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ASCM Insights

With EVs: From Novel to Mainstream to Essential


Many people would be surprised to learn that electric vehicles (EVs) have been around since the 1830s — even before the internal combustion engine. Car and Driver tells the story: Around 1832, Scottish visionary Robert Anderson created a motorized carriage that ran on galvanic cells (batteries). About 50 years later, English inventor Thomas Parker helped deploy electric-powered trams. By 1893, a prototype EV designed by Scottish chemist William Morrison was a sensation at the Chicago World’s Fair.

Fast-forward 150 years, and new regulations get people charged up about EVs once again. It’s not long before we have the GM EV1, the Toyota Prius — and a little Silicon Valley startup called Tesla Motors that aims to produce a luxury electric sports car with a range of 200-plus miles.

Today, industry experts are saying that the cost of EVs will match that of gas-powered vehicles much sooner than original estimates — as early as 2023. In fact, government incentives in many parts of the world have already made them cheaper. “We are on a very accelerated timeline,” Carnegie Mellon Associate Professor Venkat Viswanathan told The New York Times. “If you asked anyone in 2010 whether we would have price parity by 2025, they would have said that was impossible.”

There are a few other reasons for the accelerated timeline: As Elon Musk announced this past week, technological advances are slashing battery price tags and boosting storage capacity for more miles per charge. He also promised to make a $25,000 Tesla within the next three years.

Set in motion

Although cost is a huge factor when car-buying, according to CNN, the biggest reason by far that people choose to purchase an EV is concern for the environment (80% of respondents). While there are debates over whether EVs are, in fact, environmentally friendly, according to CarbonBrief Factcheck, they have considerably lower emissions over their lifetime than conventional vehicles. Of course, car power is just the tip of the melting iceberg.

This week has been a significant one for the environment. First, California announced a rigorous climate goal of banning the sale of new gas-powered cars by 2035. Last year, only 8% of cars sold in the state were not gas-powered.

Additionally, the 75th Session of the United Nations General Assembly featured numerous speeches on global warming, with China — the world’s biggest source of carbon dioxide emissions — aiming for carbon neutrality by 2060.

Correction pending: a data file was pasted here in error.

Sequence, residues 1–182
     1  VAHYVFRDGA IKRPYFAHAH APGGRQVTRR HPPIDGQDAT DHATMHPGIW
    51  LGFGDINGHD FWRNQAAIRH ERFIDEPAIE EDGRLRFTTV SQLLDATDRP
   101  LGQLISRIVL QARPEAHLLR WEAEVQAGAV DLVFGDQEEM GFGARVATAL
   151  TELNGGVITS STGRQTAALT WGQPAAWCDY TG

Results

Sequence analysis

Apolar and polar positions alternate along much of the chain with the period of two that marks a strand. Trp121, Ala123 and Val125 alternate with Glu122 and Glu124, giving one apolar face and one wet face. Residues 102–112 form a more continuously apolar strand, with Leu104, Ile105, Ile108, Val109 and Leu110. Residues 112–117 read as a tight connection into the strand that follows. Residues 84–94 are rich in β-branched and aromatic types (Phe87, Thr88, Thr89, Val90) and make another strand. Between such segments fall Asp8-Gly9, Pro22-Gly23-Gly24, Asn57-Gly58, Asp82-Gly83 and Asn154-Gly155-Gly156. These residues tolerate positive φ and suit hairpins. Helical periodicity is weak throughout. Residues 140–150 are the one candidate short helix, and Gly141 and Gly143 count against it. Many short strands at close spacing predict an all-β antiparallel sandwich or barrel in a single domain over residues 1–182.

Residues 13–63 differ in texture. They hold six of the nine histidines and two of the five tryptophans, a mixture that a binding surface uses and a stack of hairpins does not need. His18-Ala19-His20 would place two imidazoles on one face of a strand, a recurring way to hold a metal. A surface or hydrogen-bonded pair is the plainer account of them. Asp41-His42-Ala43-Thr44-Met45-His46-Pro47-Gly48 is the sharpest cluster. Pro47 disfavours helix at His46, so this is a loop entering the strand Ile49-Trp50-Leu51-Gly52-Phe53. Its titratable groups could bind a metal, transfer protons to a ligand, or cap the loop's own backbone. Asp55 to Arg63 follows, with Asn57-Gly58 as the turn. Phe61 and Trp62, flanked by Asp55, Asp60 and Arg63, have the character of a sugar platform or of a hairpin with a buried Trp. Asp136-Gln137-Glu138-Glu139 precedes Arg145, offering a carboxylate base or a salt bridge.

Meanwhile, the Climate Week summit was hosted by the City of New York and the United Nations, with a goal of “exploring what lessons we can learn in the pursuit of a net-zero future.”

And perhaps most striking is a new installation of a clock that counts down the time humans have left to avert climate disaster. It started September 17 at seven years, 103 days, 15 hours, 40 minutes and seven seconds remaining. If greenhouse gas emissions continue at their current rate, when the clock runs out, the average global temperature will be irreversibly on its way to 2.7 degrees above pre-industrial levels, The Smithsonian reports. The clock also shows a percentage value representing the fraction of energy produced with renewable sources, which designers from the Mercator Research Institute on Global Commons and Climate Change call “the lifeline.”

We must work together to steer our supply chains in the right direction. The ASCM Enterprise Certification is raising the bar and empowering networks across the globe to prioritize ecological stewardship while becoming more competitive in today’s business world. The first step is a simple, five-minute questionnaire to evaluate your supply chain maturity compared to the three program pillars of economic, ecological and ethical business practices. Let the ASCM Enterprise Certification map a route to your supply chain’s lasting success.

About the Author

Abe Eshkenazi, CSCP, CPA, CAE CEO, ASCM

Abe Eshkenazi is chief executive officer at ASCM, the largest nonprofit association for supply chain and the global leader in supply chain organizational transformation and innovation. Prior to this, he was the managing director for the Operations Consulting Group of American Express Tax and Business Services. His leadership roles have included project management, business process redesign, and individual and organizational alignment. Eshkenazi may be contacted through

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